What happens when an employee’s communication lets out a trade secret? What if, in a weak moment, an employee drops a comment that could defame a colleague, a policy, or the organization as a whole?
In the beginning, there was the water-cooler! That clunky, bubble-headed machine. Now quite obsolete. Its primary functions – socializing and disbursing of information – having been taken over by a sleek hand-held device that sits beside almost everyone these days!
Social media rocks! If you don’t belong to one, you are a corporate persona non grata. If you are not on the other, you are socially non-existent. And, hey! Only dumb birds don’t tweet!
Organizations have debated to the point of fatigue about whether or not social media access should be permitted at the workplace.
Truth is there is no sure-shot or permanent way to prevent employees accessing social media sites during office hours. Live with it! Then there’s the philosopher: Today, people are ‘at work’ 24x7, thanks to email access on a smartphone. This one innovation has turned the concept of work-life balance equation on its head – well almost! Now, no one can truly ‘switch off’ from the office to indulge in a leisure activity. If that device beeps ‘you’ve got mail’, the natural tendency is to pick up the crying baby and feed it with a response – putting everything: Hobby, friends, family on hold!
If the organization operates in a multi-national environment, in multiple time zones – it gets even worse! Therefore, if an employee is effectively working 24x7, even on holidays, then should they be grudged the occasional few minutes of socialising every now and then, between 9am and 6pm, Monday through Friday?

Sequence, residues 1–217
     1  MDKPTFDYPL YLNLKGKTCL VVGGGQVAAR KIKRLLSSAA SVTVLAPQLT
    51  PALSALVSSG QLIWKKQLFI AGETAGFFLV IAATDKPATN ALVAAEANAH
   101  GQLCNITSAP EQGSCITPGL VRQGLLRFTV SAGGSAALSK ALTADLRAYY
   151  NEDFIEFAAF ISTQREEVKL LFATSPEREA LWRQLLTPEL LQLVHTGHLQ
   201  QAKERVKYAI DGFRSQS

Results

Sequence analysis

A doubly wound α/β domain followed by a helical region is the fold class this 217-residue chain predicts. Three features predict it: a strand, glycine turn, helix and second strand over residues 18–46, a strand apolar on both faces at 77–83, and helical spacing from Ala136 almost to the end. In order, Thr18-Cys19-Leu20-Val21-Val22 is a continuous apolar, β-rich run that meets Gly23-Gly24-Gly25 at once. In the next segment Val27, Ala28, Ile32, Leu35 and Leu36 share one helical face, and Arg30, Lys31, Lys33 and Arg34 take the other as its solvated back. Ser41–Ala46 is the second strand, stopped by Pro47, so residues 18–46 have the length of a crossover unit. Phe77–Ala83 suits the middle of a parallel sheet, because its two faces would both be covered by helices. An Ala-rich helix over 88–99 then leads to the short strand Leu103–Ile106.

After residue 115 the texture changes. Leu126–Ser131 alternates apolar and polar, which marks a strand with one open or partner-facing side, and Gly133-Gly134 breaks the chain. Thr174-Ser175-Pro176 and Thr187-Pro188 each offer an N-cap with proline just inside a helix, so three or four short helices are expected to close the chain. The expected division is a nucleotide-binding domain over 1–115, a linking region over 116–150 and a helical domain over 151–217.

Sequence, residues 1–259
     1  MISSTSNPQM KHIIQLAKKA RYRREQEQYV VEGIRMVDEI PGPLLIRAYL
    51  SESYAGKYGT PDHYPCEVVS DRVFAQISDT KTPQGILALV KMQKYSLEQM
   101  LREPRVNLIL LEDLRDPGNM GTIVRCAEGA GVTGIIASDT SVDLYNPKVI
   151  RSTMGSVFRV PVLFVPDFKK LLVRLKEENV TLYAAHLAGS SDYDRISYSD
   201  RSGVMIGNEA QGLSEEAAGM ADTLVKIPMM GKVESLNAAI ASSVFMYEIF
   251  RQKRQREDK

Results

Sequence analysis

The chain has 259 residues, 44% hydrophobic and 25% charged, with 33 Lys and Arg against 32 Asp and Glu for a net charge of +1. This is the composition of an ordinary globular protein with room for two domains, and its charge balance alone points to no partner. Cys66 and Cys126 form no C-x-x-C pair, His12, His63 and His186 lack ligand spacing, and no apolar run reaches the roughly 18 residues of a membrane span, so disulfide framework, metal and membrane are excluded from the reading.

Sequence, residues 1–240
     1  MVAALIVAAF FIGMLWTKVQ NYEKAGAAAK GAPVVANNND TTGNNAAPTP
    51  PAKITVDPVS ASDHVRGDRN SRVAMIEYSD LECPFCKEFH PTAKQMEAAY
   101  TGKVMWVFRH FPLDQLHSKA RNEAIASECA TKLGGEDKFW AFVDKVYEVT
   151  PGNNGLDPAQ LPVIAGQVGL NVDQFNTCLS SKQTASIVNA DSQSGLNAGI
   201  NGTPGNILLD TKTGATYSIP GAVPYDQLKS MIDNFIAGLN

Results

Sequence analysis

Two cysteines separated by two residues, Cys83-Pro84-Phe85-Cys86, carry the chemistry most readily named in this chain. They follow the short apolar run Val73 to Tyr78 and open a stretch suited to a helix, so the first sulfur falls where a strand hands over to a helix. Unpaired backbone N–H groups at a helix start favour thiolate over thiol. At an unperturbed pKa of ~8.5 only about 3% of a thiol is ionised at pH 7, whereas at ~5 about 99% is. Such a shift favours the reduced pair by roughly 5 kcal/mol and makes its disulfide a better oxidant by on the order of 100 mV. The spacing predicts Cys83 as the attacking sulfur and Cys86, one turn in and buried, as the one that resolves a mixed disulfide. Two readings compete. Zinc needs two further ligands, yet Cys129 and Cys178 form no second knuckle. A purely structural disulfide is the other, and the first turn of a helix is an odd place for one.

Nah! With this perspective, the legacy reasons of ‘discipline’, misuse of company assets for personal activities, waste of time, and the like, seem hollow and archaic. Let’s be reasonable, preventing employees access to social media sites just will not work! It’ll only make a large population of the staff very unhappy.
I can say what I want, when I want, and people will listen! A heady sort of power. But with great power comes great responsibility – hopefully! It is no different in the workplace. Our employees form part of the educated, participative, communicative masses, who believe in their power of speech and expression. They hold it close to their bosom and refuse to let it go.
But what happens when the power of communication contradicts the values, policies or even the ethos of the organization? What if the communication – word or image – lets out a trade secret? What if, in a weak moment, an employee drops a comment that could defame a colleague, a policy, or the organization as a whole?
It’s a super-highway out there! Gone are the days when a photograph took two days to process, and prints had to be sent by, what we now disdainfully call, snail mail! It takes all of two minutes to click, edit and ‘share’ a photograph on a social media site. Even less time for the comment or image to be seen, ‘liked’ and further commented on by millions of people worldwide! Very embarrassing, possibly very expensive, and a PR nightmare.